You're in the right ball-park. One thing that is not explained well in my opinion is the distinction between covariant and contravariant components, and as you point out, how this relies upon the metric. If we fix a basis $e=(e_\alpha)$ in a vector space $V$, then for every vector $v \in V$, we have its components, $v^\alpha$. So far so standard. What's not ...


3

This is a common misconception. A dipole is NOT a set of two opposite charges, so you do not have a dipole in your configuration. To be precise, you have a "physical dipole", two equal (in absolute value) and opposite ( sign) charges near each other. This is a usual configuration; but, as you have a finite numebr of point charges, you find the ...


1

The potential near the two charges would be found by adding two terms. The formula you show is a good approximation if, R, is much larger than, a.


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UPDATE: Since the other answers are providing more of the answer, let me reveal my interactive visualization. As I mentioned in the comment to the OP, the "physical dipole" (composed of two equal-magnitude oppositely-signed point charges) is not the same as the "pure [or point] dipole". For the same dipole moment $\vec p$, they disagree, ...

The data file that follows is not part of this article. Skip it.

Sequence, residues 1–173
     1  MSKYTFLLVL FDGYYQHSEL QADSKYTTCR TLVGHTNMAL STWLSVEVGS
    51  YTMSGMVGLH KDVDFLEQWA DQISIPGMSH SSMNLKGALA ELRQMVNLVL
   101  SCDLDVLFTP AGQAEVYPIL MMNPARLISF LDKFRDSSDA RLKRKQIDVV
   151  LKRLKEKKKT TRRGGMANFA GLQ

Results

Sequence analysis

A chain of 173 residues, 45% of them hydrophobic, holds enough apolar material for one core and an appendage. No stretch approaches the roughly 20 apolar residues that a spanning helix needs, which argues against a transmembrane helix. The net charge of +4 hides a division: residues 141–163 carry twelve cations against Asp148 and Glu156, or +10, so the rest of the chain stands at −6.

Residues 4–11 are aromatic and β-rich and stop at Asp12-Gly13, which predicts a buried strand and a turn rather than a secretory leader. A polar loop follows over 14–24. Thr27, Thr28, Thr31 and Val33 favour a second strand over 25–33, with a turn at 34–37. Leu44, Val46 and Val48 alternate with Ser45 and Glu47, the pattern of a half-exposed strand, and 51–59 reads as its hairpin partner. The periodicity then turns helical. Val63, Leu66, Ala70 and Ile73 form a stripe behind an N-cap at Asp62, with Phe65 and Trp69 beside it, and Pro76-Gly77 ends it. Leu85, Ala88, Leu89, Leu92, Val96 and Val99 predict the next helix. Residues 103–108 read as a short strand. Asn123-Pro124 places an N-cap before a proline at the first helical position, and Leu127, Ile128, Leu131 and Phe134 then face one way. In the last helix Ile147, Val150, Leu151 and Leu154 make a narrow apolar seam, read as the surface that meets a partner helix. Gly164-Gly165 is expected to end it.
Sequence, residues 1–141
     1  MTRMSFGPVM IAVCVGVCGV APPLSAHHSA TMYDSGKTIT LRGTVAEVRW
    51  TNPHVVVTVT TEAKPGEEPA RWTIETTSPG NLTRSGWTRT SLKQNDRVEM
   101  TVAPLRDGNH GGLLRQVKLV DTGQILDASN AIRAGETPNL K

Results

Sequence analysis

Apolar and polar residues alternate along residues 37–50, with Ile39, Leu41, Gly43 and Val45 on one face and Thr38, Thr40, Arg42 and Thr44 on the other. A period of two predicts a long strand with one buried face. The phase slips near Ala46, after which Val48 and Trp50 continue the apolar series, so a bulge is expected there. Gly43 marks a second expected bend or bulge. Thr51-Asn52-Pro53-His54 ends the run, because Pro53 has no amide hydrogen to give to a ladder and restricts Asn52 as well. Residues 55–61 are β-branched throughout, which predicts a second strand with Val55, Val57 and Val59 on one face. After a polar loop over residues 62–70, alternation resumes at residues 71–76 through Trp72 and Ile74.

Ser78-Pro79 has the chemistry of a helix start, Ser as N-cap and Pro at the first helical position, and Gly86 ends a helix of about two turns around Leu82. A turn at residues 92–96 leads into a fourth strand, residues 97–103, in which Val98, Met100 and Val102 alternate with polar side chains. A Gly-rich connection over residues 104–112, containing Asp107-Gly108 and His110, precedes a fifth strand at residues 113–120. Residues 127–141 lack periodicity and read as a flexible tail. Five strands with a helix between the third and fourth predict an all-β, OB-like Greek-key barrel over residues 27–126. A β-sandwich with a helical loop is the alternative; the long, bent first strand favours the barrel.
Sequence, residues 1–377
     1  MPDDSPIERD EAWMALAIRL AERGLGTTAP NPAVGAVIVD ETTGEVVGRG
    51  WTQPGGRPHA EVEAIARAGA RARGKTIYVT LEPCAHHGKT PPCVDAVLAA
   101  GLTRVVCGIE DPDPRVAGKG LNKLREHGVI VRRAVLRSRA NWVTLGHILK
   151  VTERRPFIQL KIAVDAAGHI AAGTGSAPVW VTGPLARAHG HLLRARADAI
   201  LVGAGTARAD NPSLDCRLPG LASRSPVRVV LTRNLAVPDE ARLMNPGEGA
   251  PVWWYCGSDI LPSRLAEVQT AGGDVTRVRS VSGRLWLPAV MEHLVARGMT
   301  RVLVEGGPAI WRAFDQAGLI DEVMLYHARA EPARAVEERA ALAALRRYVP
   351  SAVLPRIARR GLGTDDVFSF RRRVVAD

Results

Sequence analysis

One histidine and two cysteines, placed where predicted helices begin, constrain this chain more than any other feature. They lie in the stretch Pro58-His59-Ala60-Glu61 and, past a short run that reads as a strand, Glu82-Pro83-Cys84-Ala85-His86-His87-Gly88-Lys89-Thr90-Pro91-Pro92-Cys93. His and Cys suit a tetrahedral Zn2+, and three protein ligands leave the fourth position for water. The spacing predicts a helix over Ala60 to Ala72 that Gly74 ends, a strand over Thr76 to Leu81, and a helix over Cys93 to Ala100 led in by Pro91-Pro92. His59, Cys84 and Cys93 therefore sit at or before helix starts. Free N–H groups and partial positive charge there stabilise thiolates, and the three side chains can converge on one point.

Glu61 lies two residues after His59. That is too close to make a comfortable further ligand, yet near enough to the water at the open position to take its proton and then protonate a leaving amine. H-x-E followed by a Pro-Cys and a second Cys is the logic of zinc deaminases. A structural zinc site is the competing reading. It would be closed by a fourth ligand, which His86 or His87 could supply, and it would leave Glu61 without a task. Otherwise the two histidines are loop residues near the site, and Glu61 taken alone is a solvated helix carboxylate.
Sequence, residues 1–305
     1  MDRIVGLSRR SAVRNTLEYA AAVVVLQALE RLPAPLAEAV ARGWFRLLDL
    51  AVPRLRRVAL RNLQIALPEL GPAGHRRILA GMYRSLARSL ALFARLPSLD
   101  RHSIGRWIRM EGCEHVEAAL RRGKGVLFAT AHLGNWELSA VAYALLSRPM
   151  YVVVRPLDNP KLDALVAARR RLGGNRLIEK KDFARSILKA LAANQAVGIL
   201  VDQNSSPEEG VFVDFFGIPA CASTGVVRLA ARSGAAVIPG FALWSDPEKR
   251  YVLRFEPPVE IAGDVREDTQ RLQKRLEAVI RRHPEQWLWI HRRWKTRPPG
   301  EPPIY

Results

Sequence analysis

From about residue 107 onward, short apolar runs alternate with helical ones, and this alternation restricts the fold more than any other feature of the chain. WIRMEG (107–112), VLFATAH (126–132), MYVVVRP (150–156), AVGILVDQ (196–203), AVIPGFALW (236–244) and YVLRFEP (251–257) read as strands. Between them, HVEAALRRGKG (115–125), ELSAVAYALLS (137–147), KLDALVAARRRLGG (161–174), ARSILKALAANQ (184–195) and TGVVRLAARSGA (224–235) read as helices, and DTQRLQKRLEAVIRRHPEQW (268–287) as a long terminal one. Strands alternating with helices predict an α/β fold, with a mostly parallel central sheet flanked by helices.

3

Here are some concrete examples which may shed some additional light on the issue. Let's consider the manifold $\mathcal M = \mathbb R \times \mathrm S^1$, i.e. the cylinder. Points $p\in \mathcal M$ can be labeled by a triple $(z,a,b)$, where $z\in \mathbb R$ and $a^2+b^2=1$. It's critical to note that $(z,a,b)$ are not the coordinates of $p$ in some ...


4

Active transformation: the vectors and other geometric quantities change. Passive transformation: the vectors (with the exception of basis vectors) and other geometric quantities do not change, but the basis does (e.g. a coordinate basis), so the components of a vector change even though the vector itself does not. Local Lorentz transformation: the ...


2

To provide a secondary view which may be more accessible, I have elected to write a second answer. Let $\mathbf V$ be a vector. Given some choice of basis $\{\hat e_1,\hat e_2\}$, we can expand $\mathbf V$ in component form as $$\mathbf V = \sum_i V^i \hat e_i = V^1 \hat e_1 + V^2 \hat e_2$$ Now we consider a rotation matrix $$R = \pmatrix{\cos(\theta) &...